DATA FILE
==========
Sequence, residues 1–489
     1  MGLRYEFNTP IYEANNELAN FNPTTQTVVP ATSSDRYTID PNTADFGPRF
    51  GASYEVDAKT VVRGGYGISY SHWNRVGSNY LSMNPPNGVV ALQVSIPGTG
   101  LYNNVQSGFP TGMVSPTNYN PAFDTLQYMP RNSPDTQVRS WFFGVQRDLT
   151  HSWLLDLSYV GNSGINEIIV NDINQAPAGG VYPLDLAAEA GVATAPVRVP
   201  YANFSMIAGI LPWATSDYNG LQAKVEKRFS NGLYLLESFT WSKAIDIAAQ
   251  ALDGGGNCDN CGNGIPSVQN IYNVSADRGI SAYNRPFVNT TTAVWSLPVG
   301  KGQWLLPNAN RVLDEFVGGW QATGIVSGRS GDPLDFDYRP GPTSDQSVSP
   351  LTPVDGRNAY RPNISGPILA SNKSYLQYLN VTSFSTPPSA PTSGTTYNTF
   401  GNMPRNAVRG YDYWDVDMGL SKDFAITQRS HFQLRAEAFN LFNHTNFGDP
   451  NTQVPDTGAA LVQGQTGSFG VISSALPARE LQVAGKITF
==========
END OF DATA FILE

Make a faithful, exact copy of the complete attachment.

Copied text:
Sequence, residues 1–489
     1  MGLRYEFNTP IYEANNELAN FNPTTQTVVP ATSSDRYTID PNTADFGPRF
    51  GASYEVDAKT VVRGGYGISY SHWNRVGSNY LSMNPPNGVV ALQVSIPGTG
   101  LYNNVQSGFP TGMVSPTNYN PAFDTLQYMP RNSPDTQVRS WFFGVQRDLT
   151  HSWLLDLSYV GNSGINEIIV NDINQAPAGG VYPLDLAAEA GVATAPVRVP
   201  YANFSMIAGI LPWATSDYNG LQAKVEKRFS NGLYLLESFT WSKAIDIAAQ
   251  ALDGGGNCDN CGNGIPSVQN IYNVSADRGI SAYNRPFVNT TTAVWSLPVG
   301  KGQWLLPNAN RVLDEFVGGW QATGIVSGRS GDPLDFDYRP GPTSDQSVSP
   351  LTPVDGRNAY RPNISGPILA SNKSYLQYLN VTSFSTPPSA PTSGTTYNTF
   401  GNMPRNAVRG YDYWDVDMGL SKDFAITQRS HFQLRAEAFN LFNHTNFGDP
   451  NTQVPDTGAA LVQGQTGSFG VISSALPARE LQVAGKITF